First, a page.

Gliding into Austria, the choices of discovery opened up; first-timers could opt to join a full-day tour to Salzburg – birthplace of Austria’s most famous export, composer Wolfgang Mozart. Clients who’d already ticked that box had the chance to inhale some fresh mountain air on a tour of the eye-wateringly scenic Austrian Lake District. Both tours stopped in the town of Mondsee, famed as the site of the wedding scene in The Sound of Music.

Krems 

On our way to Krems, we sailed through the Unesco-listed Wachau Valley – one of Austria’s most famous, and beautiful, regions thanks to its smattering of cute villages and vineyards. I opted for the Apricots and Sweets tour to nearby Dürnstein, which featured a vineyard visit followed by a chance to sample the finest apricot delicacies, from jams and chocolates to indulgently sweet liqueur.

Vienna

Known for its imperial palaces, famed composers, opera houses and opulent coffee houses, Vienna does elegance with a capital ‘E’ – and there’s no finer place to attend a classical concert. If there’s one available (many lines dock overnight in Vienna), advise clients to do it. AmaMagna offered a Mozart and Strauss concert, which made for the perfect farewell before leaving Austrian waters.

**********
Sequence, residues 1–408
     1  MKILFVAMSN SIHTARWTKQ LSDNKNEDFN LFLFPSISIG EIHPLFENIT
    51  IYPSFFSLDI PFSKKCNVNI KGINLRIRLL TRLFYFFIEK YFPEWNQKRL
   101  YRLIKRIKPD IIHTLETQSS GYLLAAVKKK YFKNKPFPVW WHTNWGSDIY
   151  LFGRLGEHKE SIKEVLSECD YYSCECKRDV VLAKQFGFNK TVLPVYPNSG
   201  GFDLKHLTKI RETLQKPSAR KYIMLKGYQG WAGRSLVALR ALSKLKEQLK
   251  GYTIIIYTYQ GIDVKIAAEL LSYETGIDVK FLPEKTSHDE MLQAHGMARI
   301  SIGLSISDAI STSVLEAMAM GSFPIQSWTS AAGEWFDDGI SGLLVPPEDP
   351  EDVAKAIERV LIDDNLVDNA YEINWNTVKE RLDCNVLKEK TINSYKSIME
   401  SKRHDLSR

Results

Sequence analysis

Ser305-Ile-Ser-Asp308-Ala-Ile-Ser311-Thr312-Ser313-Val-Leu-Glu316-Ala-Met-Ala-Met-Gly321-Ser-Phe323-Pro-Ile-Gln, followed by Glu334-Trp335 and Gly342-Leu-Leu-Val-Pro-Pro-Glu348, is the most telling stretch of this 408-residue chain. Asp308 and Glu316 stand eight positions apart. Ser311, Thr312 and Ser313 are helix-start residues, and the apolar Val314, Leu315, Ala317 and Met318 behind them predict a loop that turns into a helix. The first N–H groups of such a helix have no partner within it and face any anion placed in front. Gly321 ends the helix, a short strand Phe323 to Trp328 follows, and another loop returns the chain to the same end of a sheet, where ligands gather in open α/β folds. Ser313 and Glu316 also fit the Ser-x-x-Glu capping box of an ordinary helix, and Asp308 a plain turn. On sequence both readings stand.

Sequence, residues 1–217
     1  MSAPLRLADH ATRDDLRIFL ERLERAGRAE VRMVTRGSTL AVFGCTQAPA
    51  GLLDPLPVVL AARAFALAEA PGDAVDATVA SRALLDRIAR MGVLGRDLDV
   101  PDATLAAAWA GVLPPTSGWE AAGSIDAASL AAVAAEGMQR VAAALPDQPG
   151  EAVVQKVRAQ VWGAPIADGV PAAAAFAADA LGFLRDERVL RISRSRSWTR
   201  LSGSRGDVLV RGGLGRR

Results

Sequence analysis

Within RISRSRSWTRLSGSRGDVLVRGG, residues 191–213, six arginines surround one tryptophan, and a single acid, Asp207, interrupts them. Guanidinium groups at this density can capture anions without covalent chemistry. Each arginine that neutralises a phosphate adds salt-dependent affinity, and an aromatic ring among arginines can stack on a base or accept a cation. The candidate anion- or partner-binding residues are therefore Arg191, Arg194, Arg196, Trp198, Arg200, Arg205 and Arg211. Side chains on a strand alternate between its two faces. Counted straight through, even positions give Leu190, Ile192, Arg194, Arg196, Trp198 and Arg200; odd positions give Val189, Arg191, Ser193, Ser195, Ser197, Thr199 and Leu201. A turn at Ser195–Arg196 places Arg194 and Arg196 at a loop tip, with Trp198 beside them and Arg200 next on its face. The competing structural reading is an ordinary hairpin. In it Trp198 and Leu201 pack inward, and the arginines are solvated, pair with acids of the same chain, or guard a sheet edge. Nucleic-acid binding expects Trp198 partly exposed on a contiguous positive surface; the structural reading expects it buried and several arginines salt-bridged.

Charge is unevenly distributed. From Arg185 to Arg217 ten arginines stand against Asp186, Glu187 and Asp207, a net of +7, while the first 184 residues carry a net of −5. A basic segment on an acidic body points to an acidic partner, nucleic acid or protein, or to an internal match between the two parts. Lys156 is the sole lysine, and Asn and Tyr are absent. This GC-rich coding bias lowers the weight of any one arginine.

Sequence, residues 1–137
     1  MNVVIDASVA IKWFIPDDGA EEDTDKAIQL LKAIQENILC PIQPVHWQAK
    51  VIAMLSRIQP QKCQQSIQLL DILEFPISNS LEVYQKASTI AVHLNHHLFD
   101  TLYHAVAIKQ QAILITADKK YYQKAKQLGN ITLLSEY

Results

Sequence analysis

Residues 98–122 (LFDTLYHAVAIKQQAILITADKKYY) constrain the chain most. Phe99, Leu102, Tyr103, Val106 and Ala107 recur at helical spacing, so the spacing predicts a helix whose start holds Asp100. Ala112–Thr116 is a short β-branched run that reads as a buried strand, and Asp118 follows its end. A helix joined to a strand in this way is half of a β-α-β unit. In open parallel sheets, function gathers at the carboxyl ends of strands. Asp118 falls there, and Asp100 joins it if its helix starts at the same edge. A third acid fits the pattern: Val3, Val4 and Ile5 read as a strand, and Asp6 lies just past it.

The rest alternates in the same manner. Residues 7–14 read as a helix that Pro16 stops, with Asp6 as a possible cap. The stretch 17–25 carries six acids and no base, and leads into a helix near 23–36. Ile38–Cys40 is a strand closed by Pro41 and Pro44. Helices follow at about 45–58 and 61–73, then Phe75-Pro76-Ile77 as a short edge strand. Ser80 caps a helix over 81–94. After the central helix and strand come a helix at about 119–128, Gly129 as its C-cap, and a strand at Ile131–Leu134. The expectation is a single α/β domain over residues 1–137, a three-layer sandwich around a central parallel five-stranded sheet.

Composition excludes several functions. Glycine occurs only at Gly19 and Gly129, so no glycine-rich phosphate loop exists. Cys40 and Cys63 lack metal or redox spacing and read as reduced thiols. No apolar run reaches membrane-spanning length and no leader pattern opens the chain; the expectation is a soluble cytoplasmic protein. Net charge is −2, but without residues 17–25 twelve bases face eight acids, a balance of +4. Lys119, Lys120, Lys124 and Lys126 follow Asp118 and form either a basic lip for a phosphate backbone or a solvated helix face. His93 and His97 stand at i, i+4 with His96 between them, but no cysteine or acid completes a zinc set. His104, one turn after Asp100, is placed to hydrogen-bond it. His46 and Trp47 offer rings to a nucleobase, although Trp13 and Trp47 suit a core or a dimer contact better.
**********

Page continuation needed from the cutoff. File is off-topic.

Danube2

Bratislava

After a morning of wellness (yoga and line-dancing on deck – check), we docked in the heart of the city, just a short distance from the grand Slovak National Theatre and the Old Town.

Opting for a walking tour followed by a well-deserved drink in a beer house, I wandered around cobbled streets lined with charming buildings (which have largely been restored after the fall of the communist regime), taking in art nouveau houses one moment, and palatial baroque architecture the next.

Set atop a hill visible from the river is Bratislava Castle; reaching it involved a bit of a hike, but it was worth it, with idyllic views across the city and beyond.

Budapest